State, private funds to bolster Visit Florida campaign

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TALLAHASSEE, Fla. -- Starting this month, Visit Florida said it expects to have an additional $40 million to spend on tourism advertising, thanks to Gov. Jeb Bush, the Florida Legislature and private-sector contributors.

The funds must be used strictly for advertising; they cannot be diverted for operational purposes, such as increasing the number of agent fam tours or trade show attendance, according to a Visit Florida spokesman.

The governor last fall proposed that the legislature appropriate an additional $20 million as part of his economic stimulus package when it became apparent Florida was going to experience a significant downturn in tourist arrivals.

Visit Florida already had committed its $2 million Economic Risk Fund (spent only in emergency situations) last fall as well as nearly $8 million in its regular advertising budget for the 2001-2002 fiscal year.

During a special session of the legislature in December, the lawmakers agreed on a bill to bolster advertising by $20 million with the proviso that the private sector must match each dollar to be used.

And, the Visit Florida spokesman said, the matching $20 million was expected to be committed very soon.

The task of enlisting private-sector support was given to Fahlgren Benito Advertising of Tampa, which administers the Visit Florida account.

Initially, the additional funds will be spent complementing and expanding upon "initiatives already under way to stimulate more in-state and drive-market visitors to Florida destinations, with marketing progressively moving into more distant domestic and international visitor markets," said Austin Mott, president and chief executive officer of Visit Florida.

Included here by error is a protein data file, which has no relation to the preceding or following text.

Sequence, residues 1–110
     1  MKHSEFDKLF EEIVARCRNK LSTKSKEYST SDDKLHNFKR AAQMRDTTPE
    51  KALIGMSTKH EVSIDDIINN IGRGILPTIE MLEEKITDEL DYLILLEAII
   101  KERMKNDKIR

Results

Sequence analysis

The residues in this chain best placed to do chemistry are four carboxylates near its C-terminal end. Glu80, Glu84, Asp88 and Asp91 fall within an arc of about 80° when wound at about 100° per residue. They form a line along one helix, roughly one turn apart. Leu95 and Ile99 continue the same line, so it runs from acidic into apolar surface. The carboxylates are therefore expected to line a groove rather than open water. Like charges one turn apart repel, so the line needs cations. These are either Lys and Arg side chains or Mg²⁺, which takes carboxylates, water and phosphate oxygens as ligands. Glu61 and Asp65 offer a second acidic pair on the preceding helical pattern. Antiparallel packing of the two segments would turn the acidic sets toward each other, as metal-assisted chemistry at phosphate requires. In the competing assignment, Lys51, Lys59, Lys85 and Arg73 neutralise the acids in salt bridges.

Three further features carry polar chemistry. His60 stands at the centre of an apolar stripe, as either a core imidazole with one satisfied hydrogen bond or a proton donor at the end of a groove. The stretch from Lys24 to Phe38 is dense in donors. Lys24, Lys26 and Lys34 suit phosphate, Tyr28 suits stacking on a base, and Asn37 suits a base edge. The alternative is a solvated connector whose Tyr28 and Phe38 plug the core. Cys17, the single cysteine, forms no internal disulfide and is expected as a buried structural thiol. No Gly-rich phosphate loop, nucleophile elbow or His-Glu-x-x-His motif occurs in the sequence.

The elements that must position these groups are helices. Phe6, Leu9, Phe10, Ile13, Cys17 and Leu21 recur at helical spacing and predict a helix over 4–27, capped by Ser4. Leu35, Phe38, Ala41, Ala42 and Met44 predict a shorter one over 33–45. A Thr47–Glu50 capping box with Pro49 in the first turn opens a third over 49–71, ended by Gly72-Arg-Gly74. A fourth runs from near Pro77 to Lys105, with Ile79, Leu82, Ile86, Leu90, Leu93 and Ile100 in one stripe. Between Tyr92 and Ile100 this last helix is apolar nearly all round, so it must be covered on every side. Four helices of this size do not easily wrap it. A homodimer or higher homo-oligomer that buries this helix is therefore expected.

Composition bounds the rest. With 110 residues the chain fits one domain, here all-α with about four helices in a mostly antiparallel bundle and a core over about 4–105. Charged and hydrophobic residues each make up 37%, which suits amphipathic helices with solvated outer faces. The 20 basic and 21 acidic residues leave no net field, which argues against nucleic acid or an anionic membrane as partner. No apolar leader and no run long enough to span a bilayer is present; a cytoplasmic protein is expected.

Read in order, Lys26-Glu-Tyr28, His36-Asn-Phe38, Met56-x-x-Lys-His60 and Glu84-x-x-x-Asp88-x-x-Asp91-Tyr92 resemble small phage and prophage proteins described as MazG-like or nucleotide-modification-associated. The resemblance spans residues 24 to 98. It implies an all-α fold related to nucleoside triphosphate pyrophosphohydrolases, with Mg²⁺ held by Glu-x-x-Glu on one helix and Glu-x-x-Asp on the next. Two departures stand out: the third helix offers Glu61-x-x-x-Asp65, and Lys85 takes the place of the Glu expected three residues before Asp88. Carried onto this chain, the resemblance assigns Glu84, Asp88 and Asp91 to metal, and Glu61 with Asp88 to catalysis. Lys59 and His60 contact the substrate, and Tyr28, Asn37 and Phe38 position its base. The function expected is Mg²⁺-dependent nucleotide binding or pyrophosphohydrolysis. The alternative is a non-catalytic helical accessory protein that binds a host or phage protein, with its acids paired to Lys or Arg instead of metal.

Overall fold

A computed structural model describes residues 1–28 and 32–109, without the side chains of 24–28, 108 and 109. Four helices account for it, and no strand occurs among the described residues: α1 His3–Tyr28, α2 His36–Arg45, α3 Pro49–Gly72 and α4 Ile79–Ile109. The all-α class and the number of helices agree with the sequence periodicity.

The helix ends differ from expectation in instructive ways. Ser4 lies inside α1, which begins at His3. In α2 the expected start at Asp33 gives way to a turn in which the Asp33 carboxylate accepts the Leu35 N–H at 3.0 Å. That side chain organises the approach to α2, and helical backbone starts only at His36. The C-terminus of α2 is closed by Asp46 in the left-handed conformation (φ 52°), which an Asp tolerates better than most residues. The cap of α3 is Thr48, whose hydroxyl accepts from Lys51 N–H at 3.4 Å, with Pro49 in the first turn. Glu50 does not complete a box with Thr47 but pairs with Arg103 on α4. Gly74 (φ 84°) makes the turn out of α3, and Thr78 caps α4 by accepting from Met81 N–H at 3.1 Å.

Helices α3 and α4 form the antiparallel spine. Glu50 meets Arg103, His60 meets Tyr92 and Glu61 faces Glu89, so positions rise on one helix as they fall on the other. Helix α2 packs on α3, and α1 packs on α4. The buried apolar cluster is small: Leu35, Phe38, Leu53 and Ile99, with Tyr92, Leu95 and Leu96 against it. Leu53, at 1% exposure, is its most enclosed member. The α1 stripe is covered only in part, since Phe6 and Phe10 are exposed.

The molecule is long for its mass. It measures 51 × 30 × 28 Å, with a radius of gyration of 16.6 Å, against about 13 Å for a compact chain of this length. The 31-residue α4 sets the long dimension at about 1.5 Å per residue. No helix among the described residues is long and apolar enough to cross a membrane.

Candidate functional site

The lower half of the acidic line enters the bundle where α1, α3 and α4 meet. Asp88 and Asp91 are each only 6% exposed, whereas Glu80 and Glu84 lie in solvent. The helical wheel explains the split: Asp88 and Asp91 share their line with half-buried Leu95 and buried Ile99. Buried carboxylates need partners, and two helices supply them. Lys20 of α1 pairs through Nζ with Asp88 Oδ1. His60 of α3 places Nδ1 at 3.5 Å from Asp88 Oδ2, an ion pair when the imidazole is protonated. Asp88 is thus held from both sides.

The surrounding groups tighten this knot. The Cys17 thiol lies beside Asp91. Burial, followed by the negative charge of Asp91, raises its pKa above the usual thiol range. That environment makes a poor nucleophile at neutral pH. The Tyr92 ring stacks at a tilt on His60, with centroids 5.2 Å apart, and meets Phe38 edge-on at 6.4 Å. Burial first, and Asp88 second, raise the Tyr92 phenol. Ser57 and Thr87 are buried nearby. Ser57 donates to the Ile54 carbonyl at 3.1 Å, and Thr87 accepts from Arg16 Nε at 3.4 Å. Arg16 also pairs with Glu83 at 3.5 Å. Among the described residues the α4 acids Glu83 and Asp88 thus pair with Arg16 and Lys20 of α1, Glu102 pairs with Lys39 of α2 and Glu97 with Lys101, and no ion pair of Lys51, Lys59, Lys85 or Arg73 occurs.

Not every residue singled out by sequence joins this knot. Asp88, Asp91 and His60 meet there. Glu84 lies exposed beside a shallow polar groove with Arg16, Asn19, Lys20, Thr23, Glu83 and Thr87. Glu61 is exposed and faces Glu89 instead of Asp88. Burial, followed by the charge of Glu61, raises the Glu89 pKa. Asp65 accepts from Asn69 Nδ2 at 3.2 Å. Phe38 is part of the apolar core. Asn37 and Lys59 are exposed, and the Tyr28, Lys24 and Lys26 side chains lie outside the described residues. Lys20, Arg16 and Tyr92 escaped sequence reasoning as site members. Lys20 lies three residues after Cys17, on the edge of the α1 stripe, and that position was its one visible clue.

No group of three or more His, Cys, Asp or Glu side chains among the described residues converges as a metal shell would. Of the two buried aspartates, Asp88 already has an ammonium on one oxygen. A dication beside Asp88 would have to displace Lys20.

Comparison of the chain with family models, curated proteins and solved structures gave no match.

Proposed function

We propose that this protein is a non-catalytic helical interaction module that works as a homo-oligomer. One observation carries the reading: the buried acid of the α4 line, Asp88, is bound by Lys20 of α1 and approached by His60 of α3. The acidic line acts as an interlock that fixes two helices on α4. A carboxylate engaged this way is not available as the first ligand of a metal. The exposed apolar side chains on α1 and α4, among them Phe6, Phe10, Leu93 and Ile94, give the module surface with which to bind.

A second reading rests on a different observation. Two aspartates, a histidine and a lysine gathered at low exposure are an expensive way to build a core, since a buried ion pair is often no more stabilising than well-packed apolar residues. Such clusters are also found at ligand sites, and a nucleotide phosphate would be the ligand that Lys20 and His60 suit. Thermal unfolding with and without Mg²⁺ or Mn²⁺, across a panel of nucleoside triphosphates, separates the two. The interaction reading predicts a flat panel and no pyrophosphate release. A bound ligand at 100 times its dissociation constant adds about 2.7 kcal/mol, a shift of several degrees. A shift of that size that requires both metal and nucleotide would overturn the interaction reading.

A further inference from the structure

When consumer research indicates that the public has more faith in the safety of flying and when more travelers are willing to accept the boarding delays caused by air safety concerns, Visit Florida will then divert more money into ads aimed at long-distance travelers who fly, the spokesman said.

Miami, Orlando and Fort Lauderdale, which heavily depend on air arrivals -- mainly convention-goers, the New York market and foreign visitors -- were particularly hard-hit after the Sept. 11 terrorist attacks on New York and Washington, visitor officials from the three cities said.

For example, the Loews-operated Portofino Bay Hotel at Universal Orlando lost about $4 million worth of convention business in the fourth quarter 2001. Since Sept. 11, the property has attempted to fill hotel rooms midweek with leisure travelers.

Barry Pitegoff, Visit Florida's vice president of research, estimated a loss of more than $7 billion in tourist spending between mid-September 2001 and June 2002, with an accompanying loss of $434 million in state sales tax revenue.

Unless significant tourist traffic returns during the second half of 2002, the losses will continue, he said.

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